Perhaps I should have seen the break coming. After all, as my resources sapped, I was well aware that they could not be restored. But in truth, I was suckered by the promise of progress. In a moment of hope, a breath out and a resting of my eyelids, I forgot to be alert. It was then that the thing struck, reaching, stretching its maw so wide that I was momentarily disorientated. Then – it was gone. In the moment between the warring, jarring, screaming constancy and the soft silence, there was a scream. Or was there? It was gone too fast for me to notice.

The thing was me. Perhaps there was no me left for the thing to be. My carefully sculpted mask cracked in two and slipped away like the riverbed sand, rushing away quicker than I could have run after if it, even if I'd tried. There was only nothingness then. People, or rather the smudges that they were against the gloom, asked if it was painful. It was not. They were curious, horrified, scared, uncaring in turn. They rarely listened. I rarely answered. Monochrome, the world was no longer interesting. Even occasional ruby red flashes could not stain the world crimson. It was grey. I was trapped in a cell, the key flung into the sky. Or perhaps it was right in front of me, but there would have been no hope even then. How could I see one thing against another? There was no colour to mark where one thing ended, and another started.

My first attempt to escape this cell came in anger, a rare burst of emotion, some furious energy. Perhaps it was a little bit of who I used to be, buried away in an earlobe, hidden from the monster until that moment. Spluttering, spitting, I pulled tighter against the beast. It enveloped that anger so fast that I could not continue. Again, I was trapped. The next attempt, I had learned not to be strong but to be clever. I tried to trick the thing, lulled into lethargy by my pathetic stillness, I slowly inched closer, eyes blurring with such passivity that I was barely sure I was moving at all.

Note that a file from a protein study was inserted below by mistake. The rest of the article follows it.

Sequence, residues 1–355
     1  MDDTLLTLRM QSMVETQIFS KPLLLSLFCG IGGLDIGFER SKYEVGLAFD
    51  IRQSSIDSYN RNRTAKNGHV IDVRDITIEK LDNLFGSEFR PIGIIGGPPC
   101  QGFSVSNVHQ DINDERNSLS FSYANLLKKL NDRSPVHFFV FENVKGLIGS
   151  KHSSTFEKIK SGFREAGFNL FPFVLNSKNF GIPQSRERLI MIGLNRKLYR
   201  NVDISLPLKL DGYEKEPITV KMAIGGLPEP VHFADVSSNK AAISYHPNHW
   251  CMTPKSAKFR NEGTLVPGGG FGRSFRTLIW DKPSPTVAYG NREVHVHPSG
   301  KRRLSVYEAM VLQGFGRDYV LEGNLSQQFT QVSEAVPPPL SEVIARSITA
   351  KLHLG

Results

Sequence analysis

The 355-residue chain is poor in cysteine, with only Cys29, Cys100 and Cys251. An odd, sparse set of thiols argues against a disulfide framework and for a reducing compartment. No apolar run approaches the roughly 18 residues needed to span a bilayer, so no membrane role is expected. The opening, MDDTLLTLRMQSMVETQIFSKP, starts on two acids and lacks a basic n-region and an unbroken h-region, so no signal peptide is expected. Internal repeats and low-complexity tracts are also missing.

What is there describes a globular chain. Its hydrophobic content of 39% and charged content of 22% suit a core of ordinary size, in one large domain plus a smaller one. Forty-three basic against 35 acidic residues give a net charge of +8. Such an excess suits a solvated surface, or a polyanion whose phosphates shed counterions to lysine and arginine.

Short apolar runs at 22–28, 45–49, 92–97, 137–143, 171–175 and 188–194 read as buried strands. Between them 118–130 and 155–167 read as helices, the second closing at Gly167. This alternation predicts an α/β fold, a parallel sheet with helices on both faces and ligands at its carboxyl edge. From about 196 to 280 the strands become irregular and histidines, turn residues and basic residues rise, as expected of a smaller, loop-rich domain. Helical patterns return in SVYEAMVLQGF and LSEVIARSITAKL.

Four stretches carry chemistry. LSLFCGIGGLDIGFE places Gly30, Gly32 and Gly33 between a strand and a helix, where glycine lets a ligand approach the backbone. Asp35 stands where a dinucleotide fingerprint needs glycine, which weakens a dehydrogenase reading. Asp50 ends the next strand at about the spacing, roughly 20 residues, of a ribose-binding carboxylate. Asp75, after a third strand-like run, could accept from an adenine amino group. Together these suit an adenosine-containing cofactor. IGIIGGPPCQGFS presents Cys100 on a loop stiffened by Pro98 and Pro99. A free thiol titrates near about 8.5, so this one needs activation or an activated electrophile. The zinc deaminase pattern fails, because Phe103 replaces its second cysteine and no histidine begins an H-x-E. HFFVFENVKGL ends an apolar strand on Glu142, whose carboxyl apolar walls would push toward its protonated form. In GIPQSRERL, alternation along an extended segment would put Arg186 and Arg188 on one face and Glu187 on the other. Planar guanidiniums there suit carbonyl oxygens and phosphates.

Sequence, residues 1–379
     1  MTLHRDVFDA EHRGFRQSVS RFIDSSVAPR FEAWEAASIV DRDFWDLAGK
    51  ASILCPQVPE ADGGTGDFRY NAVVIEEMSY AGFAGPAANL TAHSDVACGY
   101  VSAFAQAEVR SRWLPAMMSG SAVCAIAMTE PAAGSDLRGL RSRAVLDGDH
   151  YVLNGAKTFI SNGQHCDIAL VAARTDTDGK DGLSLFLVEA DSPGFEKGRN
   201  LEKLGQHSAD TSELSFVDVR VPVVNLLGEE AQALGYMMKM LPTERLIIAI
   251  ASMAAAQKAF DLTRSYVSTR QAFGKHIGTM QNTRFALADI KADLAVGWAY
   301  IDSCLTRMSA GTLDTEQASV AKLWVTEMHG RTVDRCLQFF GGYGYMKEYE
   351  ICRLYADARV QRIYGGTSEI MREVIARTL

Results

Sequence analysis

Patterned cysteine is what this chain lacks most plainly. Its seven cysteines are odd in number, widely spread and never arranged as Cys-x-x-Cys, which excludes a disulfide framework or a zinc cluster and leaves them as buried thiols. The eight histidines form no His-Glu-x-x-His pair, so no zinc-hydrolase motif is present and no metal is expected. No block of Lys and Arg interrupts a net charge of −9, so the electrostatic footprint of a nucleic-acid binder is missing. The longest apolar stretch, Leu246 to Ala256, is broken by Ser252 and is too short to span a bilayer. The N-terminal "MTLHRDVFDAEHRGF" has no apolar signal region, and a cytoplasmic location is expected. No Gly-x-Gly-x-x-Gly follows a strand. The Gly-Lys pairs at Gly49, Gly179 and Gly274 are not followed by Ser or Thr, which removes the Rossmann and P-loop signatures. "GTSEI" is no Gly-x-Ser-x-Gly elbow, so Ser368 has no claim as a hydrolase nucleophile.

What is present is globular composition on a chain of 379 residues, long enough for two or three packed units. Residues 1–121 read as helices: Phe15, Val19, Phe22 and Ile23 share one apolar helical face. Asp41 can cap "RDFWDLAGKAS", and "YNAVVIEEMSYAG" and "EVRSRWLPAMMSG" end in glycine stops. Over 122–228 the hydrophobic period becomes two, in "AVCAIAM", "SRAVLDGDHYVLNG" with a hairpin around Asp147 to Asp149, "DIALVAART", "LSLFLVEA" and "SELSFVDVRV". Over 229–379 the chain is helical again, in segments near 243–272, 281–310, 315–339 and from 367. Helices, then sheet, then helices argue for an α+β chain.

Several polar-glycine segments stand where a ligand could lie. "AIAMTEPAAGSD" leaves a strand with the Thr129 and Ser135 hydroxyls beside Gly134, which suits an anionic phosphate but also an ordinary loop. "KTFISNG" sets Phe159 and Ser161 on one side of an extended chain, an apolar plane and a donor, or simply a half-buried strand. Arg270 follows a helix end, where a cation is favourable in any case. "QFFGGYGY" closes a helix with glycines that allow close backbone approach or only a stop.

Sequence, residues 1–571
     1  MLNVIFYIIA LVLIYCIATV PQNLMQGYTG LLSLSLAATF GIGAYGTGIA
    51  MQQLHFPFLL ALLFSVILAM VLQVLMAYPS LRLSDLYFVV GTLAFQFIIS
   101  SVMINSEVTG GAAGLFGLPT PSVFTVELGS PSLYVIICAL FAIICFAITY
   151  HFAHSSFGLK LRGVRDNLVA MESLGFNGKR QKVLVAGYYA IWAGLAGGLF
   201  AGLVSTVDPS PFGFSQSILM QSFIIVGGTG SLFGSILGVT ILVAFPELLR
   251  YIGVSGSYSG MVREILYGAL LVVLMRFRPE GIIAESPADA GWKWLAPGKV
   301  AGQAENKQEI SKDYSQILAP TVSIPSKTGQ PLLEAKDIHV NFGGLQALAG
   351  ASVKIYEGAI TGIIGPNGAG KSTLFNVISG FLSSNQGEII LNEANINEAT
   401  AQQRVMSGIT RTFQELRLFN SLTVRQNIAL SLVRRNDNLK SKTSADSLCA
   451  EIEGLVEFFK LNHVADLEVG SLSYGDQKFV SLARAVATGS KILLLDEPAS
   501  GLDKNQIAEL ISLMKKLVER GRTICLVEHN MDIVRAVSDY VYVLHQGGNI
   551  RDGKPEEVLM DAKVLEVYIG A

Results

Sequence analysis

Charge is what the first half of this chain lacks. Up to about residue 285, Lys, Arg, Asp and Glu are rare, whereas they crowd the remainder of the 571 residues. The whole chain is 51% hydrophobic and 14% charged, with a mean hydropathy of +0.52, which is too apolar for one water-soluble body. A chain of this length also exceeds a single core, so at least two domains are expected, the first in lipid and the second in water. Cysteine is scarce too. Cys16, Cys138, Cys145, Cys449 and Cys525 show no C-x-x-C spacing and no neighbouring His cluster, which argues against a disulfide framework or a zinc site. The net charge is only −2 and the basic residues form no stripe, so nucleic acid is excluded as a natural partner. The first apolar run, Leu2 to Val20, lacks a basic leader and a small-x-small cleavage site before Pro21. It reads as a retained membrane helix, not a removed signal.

READ MORE

Mountain View

The Tulip Table: a short story

At the last moment, though, I let a small gasp of victory escape, and the thing woke and grabbed me in an embrace so tight that I can still feel it wrapped around my phantom limbs. Inconsolable, I slunk back to the corner, curled into a ball and waited for the end. Where my body and my mind had failed me, I summoned my will, hoping that if I wished to break out enough, it would finally come true. My dreams were filled with a desire so intense that it almost ignited, sparked feeling into life. Still, the thing thwarted me. I'd forgotten in my desolate slumber that there was nothing left to will, no entity I could ask to stop. 

Stuck here, I still pace my cage, or perhaps stumble, or perhaps I do not move at all. It is hard to tell when my eyes are open or closed. I cannot even be angry at the thief; my own vanity led me to this trap, and anyway, what purpose would anger serve? At the gates, I will wonder with guarded caution where I shall be sent, but it will not be within my control. I have embraced it. May that key be my salvation. May that key be my freedom. May that key be my end.

If you are affected by any of the issues raised in this story, the following organisations provide support and resources:

  • Samaritans: a mental health crisis helpline.  Samaritans can be contacted on 116 123 or email jo@samaritans.org or jo@samaritans.ie.
  • CALMa night-time helpline focused on suicide prevention. The Campaign Against Living Miserably can be reached on 0800 58 58 58 between 5pm and midnight. 
  • Minda mental health charity offering information and support for many different issues.
  • Cambridge Nightline: a confidential night-time listening service.
  • Students’ Unions’ Advice Service: the Students’ Unions’ confidential, independent and impartial advice service.

Sponsored links

Partner links